Real Estate Basics: What Is Escrow?

What is escrow? For real estate purposes, the term "escrow" signifies an account used to pay real estate taxes and hazard insurance. The charges are split into monthly installments and included in the borrower's mortgage payments along with principal and interest. Some mortgage lenders automatically add escrows to their policies, while others give borrowers a choice in the matter. Having an escrow on a mortgage has its advantages and disadvantages. Borrowers must decide for themselves whether the advantages make the escrows worthwhile.

Understanding Escrows

When a borrower takes out a mortgage loan, he or she will have to make monthly payments until the mortgage is fully repaid. Usually, the payment is made up of two parts—premium and interest. The premium is the portion of the mortgage the borrower is paying back, and the interest is the cost of maintaining the mortgage while the borrower is paying it back. Mortgage lenders may also attach various fees, but those tend to be smaller than either interest or premium.

Some mortgage lenders go a step further. They create escrow accounts to cover the costs of property taxes and hazard insurance. The property taxes are federal taxes that are levied against any piece of real estate within the U.S. borders. The hazard insurance is the insurance policy that provides coverage if the home is damaged or destroyed. The borrower pays the costs over the course of twelve months. The resulting funds are then used to pay property taxes and hazard insurance costs at the end of each tax year.

While some mortgage lenders will automatically include escrows in their mortgages, others will let borrowers choose whether they want an escrow. They are automatically required in all mortgage loans backed by the Federal Housing Administration (FHA).

How Escrow Payments Are Calculated

The escrow payments are calculated by taking all anticipated tax and insurance disbursements and dividing by twelve. Anticipated tax disbursements are calculated based on the property values at the beginning of each tax year, while anticipated hazard insurance disbursements are calculated based on insurance premiums. Since the real estate and insurance markets change constantly, those numbers have to be recalculated every year.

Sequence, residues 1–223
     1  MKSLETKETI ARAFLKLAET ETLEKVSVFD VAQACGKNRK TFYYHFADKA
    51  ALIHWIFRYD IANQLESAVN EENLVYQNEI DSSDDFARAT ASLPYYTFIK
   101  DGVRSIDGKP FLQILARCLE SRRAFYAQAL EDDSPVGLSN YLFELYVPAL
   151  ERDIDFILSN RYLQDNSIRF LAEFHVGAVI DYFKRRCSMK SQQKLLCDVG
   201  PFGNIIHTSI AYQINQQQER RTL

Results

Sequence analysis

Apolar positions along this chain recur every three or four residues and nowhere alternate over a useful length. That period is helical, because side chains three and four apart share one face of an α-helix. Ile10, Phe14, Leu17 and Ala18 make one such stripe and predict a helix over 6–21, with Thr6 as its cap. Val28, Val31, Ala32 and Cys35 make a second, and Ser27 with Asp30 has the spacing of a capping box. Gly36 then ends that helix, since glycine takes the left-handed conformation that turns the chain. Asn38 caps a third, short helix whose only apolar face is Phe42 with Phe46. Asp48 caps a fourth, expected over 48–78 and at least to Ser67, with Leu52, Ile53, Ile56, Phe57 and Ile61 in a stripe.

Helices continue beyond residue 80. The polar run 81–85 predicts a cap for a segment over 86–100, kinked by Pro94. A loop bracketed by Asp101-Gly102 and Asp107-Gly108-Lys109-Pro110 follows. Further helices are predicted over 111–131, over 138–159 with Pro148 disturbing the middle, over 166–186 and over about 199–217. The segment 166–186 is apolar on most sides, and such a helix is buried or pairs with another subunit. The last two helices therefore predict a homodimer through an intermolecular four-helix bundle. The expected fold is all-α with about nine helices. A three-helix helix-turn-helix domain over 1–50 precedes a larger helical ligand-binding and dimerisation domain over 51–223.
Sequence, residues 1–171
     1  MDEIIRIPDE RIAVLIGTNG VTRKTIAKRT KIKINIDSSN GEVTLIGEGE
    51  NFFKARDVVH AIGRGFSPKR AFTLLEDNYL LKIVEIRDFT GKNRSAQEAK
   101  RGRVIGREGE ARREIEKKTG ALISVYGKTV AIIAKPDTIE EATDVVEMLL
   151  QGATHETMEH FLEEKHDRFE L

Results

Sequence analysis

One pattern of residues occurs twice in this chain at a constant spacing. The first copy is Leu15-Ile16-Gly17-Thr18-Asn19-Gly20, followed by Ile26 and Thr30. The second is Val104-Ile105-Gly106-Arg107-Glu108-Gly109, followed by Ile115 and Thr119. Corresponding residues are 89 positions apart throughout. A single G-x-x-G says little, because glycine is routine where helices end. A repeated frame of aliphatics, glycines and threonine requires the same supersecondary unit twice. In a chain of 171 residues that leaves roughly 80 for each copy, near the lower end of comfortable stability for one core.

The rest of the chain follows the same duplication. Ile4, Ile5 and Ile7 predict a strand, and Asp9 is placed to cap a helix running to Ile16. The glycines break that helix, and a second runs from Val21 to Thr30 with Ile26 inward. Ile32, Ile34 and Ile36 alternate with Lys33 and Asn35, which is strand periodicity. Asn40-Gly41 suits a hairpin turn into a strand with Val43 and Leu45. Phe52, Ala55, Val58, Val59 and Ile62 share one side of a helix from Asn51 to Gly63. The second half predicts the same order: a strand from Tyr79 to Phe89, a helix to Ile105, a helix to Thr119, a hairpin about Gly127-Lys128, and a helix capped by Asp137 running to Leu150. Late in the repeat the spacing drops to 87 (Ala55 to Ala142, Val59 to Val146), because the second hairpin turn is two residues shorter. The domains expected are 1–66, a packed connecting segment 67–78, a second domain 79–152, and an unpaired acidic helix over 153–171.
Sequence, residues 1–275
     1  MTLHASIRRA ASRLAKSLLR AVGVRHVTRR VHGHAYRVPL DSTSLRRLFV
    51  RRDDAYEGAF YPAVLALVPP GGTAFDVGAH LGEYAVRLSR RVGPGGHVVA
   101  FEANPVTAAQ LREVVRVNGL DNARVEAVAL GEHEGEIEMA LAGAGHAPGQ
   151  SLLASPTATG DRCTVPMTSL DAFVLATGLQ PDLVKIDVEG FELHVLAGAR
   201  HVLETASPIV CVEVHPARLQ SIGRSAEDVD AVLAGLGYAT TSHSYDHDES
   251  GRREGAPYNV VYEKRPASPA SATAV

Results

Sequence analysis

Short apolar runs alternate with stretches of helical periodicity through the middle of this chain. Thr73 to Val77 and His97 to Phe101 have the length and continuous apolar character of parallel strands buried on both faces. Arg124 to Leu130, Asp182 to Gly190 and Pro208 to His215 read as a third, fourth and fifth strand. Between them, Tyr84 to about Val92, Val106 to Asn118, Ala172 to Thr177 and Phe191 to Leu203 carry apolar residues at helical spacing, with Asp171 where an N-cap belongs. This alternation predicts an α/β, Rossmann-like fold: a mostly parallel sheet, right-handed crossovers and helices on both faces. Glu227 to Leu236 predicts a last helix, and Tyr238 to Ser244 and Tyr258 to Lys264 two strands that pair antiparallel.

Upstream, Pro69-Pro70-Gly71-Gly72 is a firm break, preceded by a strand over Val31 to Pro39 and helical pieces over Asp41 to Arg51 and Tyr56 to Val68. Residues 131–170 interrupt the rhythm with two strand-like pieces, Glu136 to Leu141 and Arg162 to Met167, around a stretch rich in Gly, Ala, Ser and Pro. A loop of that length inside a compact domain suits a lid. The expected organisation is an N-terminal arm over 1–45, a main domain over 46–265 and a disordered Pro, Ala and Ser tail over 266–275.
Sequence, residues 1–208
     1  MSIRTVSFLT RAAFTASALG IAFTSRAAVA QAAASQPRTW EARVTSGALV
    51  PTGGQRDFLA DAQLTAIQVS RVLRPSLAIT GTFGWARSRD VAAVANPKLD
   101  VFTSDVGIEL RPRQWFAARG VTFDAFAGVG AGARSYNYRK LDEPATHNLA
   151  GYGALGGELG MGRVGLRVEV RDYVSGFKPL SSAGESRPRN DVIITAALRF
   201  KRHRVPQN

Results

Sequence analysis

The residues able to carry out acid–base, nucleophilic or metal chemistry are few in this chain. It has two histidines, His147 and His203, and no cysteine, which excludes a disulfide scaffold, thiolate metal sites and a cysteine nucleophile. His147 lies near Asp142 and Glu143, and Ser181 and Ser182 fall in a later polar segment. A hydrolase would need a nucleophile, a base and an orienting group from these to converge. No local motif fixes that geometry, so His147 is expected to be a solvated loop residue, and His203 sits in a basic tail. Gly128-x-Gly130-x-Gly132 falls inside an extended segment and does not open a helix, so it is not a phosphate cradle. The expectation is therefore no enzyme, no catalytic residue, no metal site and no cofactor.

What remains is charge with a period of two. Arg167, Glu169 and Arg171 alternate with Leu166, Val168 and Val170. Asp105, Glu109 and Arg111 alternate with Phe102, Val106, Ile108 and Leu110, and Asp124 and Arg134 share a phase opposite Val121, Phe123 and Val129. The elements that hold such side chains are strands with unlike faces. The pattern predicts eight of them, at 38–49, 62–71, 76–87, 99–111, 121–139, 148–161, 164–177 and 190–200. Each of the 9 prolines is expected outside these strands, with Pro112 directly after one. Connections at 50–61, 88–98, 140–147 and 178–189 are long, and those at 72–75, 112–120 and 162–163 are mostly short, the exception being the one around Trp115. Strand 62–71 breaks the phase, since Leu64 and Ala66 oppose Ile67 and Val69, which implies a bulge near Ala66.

In some cases, mortgage lenders may have rules that require them to maintain the escrow account balance at a certain point. Usually, that point is no more than twice the value of the monthly property tax and hazard insurance payments. If the balance falls short, the mortgage lender may add extra charges onto the upcoming monthly mortgage bill to make up the difference.

Advantages of Escrows

Hazard insurance benefits both the lender and the borrower. For the borrower, the insurance helps to cover the costs of repairing the damage to his or her property. The lender benefits from the fact that if the home is completely destroyed, the hazard insurance will cover the portion of the mortgage the borrower hasn't paid back by this point. That way, the lender doesn't lose money.

While it is possible to obtain hazard insurance separately from the mortgage, escrow payments help the borrower save money. That's because the payments are split into twelve portions, making it easier for the borrower to make payments. Paying property taxes through an escrow account has the same advantage.

Disadvantages of Escrows

That said, the extra property taxes and hazard insurance payments do make the mortgage more expensive. The fact that the value of those payments changes from year to year introduces an element of unpredictability. After all, the borrower cannot be sure if he has to pay more or less during any given year. This makes it harder for the borrower to plan his or her budget and save money.

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